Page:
And this newly-found power production is something everyone will be scrutinizing. How, exactly, has Saunders become this good this fast?

Many would say his results this season is what happens when a good player finally gets healthy. Others would even argue that Saunders had a lot to prove going into a walk year, coupled with a chip on his shoulder because the Jays tried to flip him out of town. Or is it that he’s simply gotten better?

All of the above.

Players are competitors and work hard to prove that they’re worth betting on. The Jays’ failed Bruce trade was a vote of no confidence, even if the team’s leadership didn’t intend it to be that way. That’s how players take it - especially after it falls through and the guy you were packing up has to start unpacking.

As for Saunders’ health, what player isn’t more successful when playing pain-free? But good health alone can’t explain improved production rather it assumes a return to pre-injury performance. If you’re a savvy baseball executive looking at Saunders as a potential slugger acquisition for next season and beyond, this new peak performance is particularly interesting, especially considering how young he is compared to the rest of the free agents hitting the market.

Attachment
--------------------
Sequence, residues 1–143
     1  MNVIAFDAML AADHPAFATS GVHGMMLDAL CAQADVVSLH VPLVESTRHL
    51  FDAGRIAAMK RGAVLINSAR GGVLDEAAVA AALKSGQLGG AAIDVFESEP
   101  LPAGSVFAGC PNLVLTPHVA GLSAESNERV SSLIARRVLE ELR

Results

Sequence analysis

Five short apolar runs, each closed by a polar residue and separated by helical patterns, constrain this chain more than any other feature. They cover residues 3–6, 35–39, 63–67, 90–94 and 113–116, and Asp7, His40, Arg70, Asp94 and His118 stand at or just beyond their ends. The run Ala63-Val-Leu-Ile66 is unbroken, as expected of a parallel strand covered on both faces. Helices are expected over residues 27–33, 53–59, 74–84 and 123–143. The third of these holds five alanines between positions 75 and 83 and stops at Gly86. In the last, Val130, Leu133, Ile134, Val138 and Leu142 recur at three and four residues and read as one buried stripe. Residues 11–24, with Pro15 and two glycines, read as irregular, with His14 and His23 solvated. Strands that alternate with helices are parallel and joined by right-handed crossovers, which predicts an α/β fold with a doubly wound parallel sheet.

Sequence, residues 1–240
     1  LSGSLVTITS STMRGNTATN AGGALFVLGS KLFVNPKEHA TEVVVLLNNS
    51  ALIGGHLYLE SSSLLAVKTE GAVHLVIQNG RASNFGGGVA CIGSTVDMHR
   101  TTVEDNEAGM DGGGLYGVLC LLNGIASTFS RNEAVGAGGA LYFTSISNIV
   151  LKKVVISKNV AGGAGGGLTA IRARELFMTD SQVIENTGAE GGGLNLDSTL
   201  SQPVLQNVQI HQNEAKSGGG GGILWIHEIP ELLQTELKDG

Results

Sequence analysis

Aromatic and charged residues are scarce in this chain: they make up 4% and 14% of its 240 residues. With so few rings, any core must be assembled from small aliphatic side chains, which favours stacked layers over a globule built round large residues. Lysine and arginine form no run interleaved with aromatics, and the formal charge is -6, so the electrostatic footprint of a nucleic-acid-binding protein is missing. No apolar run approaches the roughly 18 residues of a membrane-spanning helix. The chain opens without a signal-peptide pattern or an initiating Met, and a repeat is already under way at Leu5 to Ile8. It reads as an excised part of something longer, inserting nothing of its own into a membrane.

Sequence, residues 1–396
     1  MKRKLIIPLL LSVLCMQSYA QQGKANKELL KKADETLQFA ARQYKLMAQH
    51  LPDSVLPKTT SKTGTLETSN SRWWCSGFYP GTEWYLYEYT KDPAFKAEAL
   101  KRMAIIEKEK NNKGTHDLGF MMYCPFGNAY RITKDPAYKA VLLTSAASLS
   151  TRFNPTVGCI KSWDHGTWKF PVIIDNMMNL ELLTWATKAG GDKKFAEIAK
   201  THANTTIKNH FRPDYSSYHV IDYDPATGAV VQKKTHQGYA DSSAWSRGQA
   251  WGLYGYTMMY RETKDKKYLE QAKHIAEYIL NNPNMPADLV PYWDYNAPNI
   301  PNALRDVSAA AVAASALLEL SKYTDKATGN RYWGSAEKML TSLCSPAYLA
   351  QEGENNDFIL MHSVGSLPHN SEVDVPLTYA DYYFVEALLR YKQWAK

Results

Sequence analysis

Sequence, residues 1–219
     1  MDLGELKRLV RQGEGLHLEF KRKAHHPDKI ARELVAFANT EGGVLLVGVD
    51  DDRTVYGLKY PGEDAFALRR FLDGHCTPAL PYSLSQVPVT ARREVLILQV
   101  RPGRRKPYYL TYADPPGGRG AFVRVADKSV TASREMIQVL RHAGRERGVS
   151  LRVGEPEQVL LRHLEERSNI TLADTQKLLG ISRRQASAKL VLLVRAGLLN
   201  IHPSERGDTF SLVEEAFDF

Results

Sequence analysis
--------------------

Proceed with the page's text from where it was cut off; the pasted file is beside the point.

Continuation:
There are, however, other pieces to this equation: the mechanical tweak that Saunders has made in his batting stance, notably with his hands, and the hitters’ ballparks in the AL East.

Being around Encarnacion, Bautista and Josh Donaldson has certainly helped. How could mentoring from some of baseball’s best hitters not help? But the obvious mechanical muse here has been Donaldson, as Saunders hands now more closely mirror those of last season’s MVP.

Embedded Image
This season, Saunders’ swing is shorter and faster to the ball.

Before coming to the Jays, Saunders’ hands were at a resting position above his shoulders, hovering. Now they’ve come down to the shoulders and as a result, Saunders’ swing is shorter and faster to the ball. His swing also has more trunk and less arms involved in the process. The payout is that Saunders’ power-to-plate coverage ratio has increased. He’s taking the ball out all over the park, and hitting more pitches in the strike zone, especially down and away. This process is not unlike Encarnacion's adjustment made during his 2012 breakout season.

But the ballpark he’s calls home versus the one he once called home in Seattle are not even remotely the same. The Mariners’ cavernous Safeco Field can be a challenge to go deep in, especially opposite field. The Rogers Centre, on the other hand, is one of the more homer-centric ballparks in baseball and that says nothing of the other homer-happy parks in the AL East: Baltimore’s Camden Yards, Yankee Stadium in New York and Boston’s Fenway Park.

That said, learning to go with the pitch as opposed to focusing on pulling is just one more credit to Saunders’ remarkable adjustment this season. How the Jays capitalize on it from here will be interesting to watch.